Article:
W3C home > Mailing lists > Public > www-tag@w3.org > August 2002

Re: [httpRange-14] What do HTTP URIs Identify?

From: Tim Berners-Lee <timbl@w3.org>
Date: Mon, 5 Aug 2002 10:00:34 -0400
Cc: www-tag@w3.org
To: Tim Bray <tbray@textuality.com>
Message-Id: <B67333F8-A87B-11D6-958A-000393914268@w3.org>

On Thursday, August 1, 2002, at 06:42 PM, Tim Bray wrote:

> Roy T. Fielding wrote:
>> The goal of this model is to give people who wish to refer to something
>> an identifier that will never need to be changed just because the
>> content changes, for as long as the identifier continues to refer to
>> the same concept that the referrer intended.  As such, allowing the
>> identifier to identify more than one concept is a non-starter.
> Er... and how do you disallow identifiers from identifying whatever 
> people think they identify?  A single set of assertions that need to be 
> internally consistent had better use the same URIs to identify the same 
> things.  But across the broad information space of the web, how do can 
> you ever sustain a promise that a URI will be used for only one concept?
> This gives TBL all sorts of grief, but I think that it is *inevitable* 
> that there will be places where different people use the URI to 
> identify different things.  I think the SemWeb architecture has to be 
> strong enough to deal with this, without vanishing into a black hole.  
> I think there's a strong analogy with early hypertext systems, that 
> could not tolerate the potential that link targets might not be there.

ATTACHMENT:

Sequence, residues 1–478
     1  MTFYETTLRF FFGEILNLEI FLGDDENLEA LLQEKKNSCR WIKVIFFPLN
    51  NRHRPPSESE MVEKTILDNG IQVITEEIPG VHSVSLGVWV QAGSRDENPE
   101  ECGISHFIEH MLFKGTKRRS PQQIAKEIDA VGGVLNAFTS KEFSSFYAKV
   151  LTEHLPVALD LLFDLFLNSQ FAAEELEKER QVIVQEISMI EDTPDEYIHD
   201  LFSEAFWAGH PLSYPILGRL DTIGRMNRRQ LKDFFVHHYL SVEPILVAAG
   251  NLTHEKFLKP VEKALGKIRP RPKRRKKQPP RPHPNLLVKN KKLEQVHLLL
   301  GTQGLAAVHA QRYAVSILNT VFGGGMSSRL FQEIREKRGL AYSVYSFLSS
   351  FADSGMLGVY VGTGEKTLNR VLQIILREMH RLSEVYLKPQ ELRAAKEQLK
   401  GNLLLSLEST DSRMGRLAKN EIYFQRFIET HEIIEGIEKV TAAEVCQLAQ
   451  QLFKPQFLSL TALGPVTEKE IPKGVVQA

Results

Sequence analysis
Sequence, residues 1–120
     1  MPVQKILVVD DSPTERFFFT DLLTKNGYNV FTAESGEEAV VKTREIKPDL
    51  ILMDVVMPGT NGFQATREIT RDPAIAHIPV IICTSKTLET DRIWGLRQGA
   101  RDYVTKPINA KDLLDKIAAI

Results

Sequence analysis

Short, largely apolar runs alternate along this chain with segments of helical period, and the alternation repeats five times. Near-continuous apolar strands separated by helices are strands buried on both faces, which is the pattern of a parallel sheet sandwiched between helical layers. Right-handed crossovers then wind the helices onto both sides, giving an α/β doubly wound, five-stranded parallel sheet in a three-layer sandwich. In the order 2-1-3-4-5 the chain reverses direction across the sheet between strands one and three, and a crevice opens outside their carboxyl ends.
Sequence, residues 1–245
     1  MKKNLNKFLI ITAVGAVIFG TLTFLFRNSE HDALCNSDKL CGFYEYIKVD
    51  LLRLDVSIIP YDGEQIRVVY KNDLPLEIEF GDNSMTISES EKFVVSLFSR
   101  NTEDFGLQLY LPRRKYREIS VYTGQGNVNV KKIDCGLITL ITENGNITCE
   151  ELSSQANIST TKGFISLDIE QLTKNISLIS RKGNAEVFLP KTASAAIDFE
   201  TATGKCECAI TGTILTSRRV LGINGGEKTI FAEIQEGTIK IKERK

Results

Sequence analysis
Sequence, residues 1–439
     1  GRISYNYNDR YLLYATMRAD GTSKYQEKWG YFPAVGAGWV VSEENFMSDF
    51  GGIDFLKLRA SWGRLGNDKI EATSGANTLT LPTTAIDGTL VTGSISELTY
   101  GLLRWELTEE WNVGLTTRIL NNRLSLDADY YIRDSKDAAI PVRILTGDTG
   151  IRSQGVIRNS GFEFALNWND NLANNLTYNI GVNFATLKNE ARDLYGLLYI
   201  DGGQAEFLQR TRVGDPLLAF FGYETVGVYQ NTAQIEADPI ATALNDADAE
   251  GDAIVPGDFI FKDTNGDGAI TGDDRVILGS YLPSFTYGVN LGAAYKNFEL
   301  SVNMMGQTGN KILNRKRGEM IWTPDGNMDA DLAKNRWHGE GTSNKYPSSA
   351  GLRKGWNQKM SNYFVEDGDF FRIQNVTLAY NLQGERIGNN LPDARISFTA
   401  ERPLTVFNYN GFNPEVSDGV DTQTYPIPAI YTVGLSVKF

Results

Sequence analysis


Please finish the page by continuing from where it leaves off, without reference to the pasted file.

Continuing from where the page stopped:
> The Semantic Web has to be able to tolerate the fact that you can't 
> know what a resource is, and thus different parties may not have a 
> shared perception of this, just like the Web needed 404 to work. -Tim


This is not a good analogy.  Error 404 is a run-time error in what is a 
well-defined system for determining what a URI identifies.    The 
workings of HTTP and DNS may depend on things networks which can go 
down, and on social contracts which can be broken, but the system does 
define a way of following a link.   This way leaves absolutely *no* 
possibility of a third party making independent assertions, within the 
system, that the URI identifies something else.

Similarly, in RDF, when  http://example.com/foo#bar identifies something
and there are some facts in the document http://example.com/foo about
#bar, then those facts can be deemed definitive because of the
social structure which gives the owner of the identifier a mechanism, 
ownership of the domain and control of the server for that domain, the 
to control every representation of that document. Hence, any statement
on the web which is inconsistent with that document is simply wrong -
or the system has broken somewhere.

The idea that is "inevitable" that people will use the same URI to 
identify different things
  is true only in that is "inevitable" that people will plus 110V 
appliances into 220V circuits.  That is, they can't do it without 
breaking the protocols.  The Semantic Web is,  *unlike english*, built 
upon this well-defined foundation.   Any suggestion that it is "OK" to 
just use the same URI to denote two different things, or to suggest one 
has the right in a hostile way to claim to define a URI in someone 
else's space, is to break the rules.

"Er... and how do you disallow identifiers from identifying whatever 
people think they identify?", you ask.

By specifications, darn it!   Apart from the (fraudulent and illegal)  
spammers who maintain that  that it is their first amendment right to 
put anything into any HTTP or IP field which will cause you to read 
their spam,  the Net works on a set of specifications which say what 
things mean.   Please do not claim that people can do whatever they 
like - or we will lose the protocols to mayhem.

Tim BL
Received on Monday, 5 August 2002 10:00:31 UTC

This archive was generated by hypermail 2.3.1 : Wednesday, 7 January 2015 15:32:33 UTC